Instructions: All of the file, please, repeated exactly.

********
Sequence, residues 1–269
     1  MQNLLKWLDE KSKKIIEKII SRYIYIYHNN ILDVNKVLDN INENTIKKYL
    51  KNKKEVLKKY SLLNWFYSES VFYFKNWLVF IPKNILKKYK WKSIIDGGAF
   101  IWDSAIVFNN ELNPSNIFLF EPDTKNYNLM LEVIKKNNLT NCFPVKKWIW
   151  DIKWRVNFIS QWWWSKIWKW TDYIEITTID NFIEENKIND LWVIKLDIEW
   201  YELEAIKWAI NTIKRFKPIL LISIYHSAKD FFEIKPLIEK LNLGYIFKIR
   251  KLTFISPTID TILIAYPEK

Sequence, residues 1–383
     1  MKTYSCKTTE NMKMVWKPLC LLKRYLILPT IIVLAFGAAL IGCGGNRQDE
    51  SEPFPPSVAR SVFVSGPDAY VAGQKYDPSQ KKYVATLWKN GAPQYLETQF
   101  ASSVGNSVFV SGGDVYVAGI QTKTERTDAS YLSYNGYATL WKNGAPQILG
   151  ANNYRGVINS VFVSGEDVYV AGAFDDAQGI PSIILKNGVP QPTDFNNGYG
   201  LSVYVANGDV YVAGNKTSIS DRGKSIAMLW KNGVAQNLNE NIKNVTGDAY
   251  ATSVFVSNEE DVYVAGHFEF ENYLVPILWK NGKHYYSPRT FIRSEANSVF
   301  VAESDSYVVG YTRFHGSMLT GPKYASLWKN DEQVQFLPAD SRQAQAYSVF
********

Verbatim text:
Sequence, residues 1–269
     1  MQNLLKWLDE KSKKIIEKII SRYIYIYHNN ILDVNKVLDN INENTIKKYL
    51  KNKKEVLKKY SLLNWFYSES VFYFKNWLVF IPKNILKKYK WKSIIDGGAF
   101  IWDSAIVFNN ELNPSNIFLF EPDTKNYNLM LEVIKKNNLT NCFPVKKWIW
   151  DIKWRVNFIS QWWWSKIWKW TDYIEITTID NFIEENKIND LWVIKLDIEW
   201  YELEAIKWAI NTIKRFKPIL LISIYHSAKD FFEIKPLIEK LNLGYIFKIR
   251  KLTFISPTID TILIAYPEK

Sequence, residues 1–383
     1  MKTYSCKTTE NMKMVWKPLC LLKRYLILPT IIVLAFGAAL IGCGGNRQDE
    51  SEPFPPSVAR SVFVSGPDAY VAGQKYDPSQ KKYVATLWKN GAPQYLETQF
   101  ASSVGNSVFV SGGDVYVAGI QTKTERTDAS YLSYNGYATL WKNGAPQILG
   151  ANNYRGVINS VFVSGEDVYV AGAFDDAQGI PSIILKNGVP QPTDFNNGYG
   201  LSVYVANGDV YVAGNKTSIS DRGKSIAMLW KNGVAQNLNE NIKNVTGDAY
   251  ATSVFVSNEE DVYVAGHFEF ENYLVPILWK NGKHYYSPRT FIRSEANSVF
   301  VAESDSYVVG YTRFHGSMLT GPKYASLWKN DEQVQFLPAD SRQAQAYSVF